Speaking from the tooling aspect as a former Tool and Die Maker, you would buy the sheet brass in rolls, you would need a high speed press to draw and upset the ends of the blanks for the primer, then you would need the machine to inject the priming material and spin the casing so the primer is evenly distributed, then a machine to add the powder charge and seat the bullet. Unless you were really going very high production I would probably recommend buying the bullets to start rather than rolling your own given the EPA hysteria over lead. It can be done and there are probably presses that were designed for other uses that could be adapted. I did a lot of work with drawing steel to depths in multiples of diameter and brass should be easier to work than mild steel. Look at your average aluminum can, they are stamped out at an amazing rate from flat sheet aluminum and it is harder to draw than brass.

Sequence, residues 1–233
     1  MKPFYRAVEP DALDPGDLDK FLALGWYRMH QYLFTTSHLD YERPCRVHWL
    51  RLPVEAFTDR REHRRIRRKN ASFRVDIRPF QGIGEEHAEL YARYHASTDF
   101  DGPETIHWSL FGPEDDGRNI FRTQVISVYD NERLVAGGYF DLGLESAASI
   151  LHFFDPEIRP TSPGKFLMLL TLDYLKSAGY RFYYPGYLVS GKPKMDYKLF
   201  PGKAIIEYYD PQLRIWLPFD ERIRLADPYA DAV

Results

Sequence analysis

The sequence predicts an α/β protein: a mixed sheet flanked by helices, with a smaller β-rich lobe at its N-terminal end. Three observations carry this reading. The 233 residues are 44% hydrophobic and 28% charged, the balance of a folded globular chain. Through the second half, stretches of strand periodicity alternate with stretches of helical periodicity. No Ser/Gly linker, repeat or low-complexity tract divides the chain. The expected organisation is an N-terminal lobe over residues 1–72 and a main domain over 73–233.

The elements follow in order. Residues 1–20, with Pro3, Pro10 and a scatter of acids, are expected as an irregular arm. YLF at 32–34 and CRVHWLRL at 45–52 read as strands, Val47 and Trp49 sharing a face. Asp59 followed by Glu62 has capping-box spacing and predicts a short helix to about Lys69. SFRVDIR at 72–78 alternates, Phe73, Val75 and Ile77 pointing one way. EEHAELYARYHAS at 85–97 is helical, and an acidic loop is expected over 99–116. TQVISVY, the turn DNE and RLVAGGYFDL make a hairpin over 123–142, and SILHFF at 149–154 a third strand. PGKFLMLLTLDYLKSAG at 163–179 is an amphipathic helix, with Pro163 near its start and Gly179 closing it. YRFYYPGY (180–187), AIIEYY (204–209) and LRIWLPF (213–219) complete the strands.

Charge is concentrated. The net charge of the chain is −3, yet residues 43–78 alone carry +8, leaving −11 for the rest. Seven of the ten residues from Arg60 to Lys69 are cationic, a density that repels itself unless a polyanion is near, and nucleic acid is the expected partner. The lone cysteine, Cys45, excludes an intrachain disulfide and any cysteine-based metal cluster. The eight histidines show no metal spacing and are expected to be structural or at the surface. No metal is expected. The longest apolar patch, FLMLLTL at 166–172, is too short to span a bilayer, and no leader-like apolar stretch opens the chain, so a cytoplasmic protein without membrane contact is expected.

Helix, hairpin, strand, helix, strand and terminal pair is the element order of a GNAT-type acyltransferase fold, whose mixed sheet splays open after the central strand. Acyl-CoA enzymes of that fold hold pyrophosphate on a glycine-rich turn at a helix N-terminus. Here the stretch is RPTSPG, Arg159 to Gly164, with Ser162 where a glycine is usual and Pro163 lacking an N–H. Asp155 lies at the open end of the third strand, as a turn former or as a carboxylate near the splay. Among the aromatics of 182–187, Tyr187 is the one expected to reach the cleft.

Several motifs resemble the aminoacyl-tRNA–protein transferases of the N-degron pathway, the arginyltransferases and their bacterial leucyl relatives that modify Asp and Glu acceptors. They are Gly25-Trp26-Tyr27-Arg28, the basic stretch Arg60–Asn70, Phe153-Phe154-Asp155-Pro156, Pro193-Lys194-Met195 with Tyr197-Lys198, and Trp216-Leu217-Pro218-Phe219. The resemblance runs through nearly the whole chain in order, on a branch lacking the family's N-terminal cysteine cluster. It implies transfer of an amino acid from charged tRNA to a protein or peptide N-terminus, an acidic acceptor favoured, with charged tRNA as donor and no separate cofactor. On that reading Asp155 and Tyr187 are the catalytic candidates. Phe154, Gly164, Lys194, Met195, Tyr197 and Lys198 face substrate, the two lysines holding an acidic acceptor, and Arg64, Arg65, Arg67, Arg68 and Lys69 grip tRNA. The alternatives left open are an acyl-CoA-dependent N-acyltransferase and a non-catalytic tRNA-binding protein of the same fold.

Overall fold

February 8, 2014, 05:51 PM
Best of luck to you, Sir. I like the idea of "micro-brew" style .22LR production. or any ammo for that matter.

problem is, there will be some duds out there, just like microbrews. but unlike microbrews, duds in ammunition can have some significant consequences.

when some dodo decides to make a watermelon flavored IPA, the result is a few bitter beer faces, but when a small manufacturer messes up on ammo, things go boom in a bad way.

i would imagine the big boys carry some significant liability insurance and that would have to be a factor as well. either way, i'd be interested to see how it goes.

February 8, 2014, 06:14 PM
Bad beer can give you food poisoning, fwiw. All business has risk.


February 8, 2014, 11:04 PM
Well, apparently Federal has pumped out close to 3 billion rounds of .22 in the last year. I'd say the market is ripe for a start up. always going to be able to sell .22. I've had the same idea myself on a really small scale. Like 1000 rds a day. I cant afford the equipment or I would be marketing it here. Maybe with THR advertising on the box or something. :evil:

Jorg Nysgerrig
February 8, 2014, 11:29 PM
Holy, moly, where the heck is it all going?
42 million rounds a week only sounds like a lot. Given 10 500 round bricks in a case, that's only 8,400 cases. Assuming Walmart gets only one case for each store a week, that'll eat up about half of that, leaving 4,400 or so cases for all the other ammo retailers.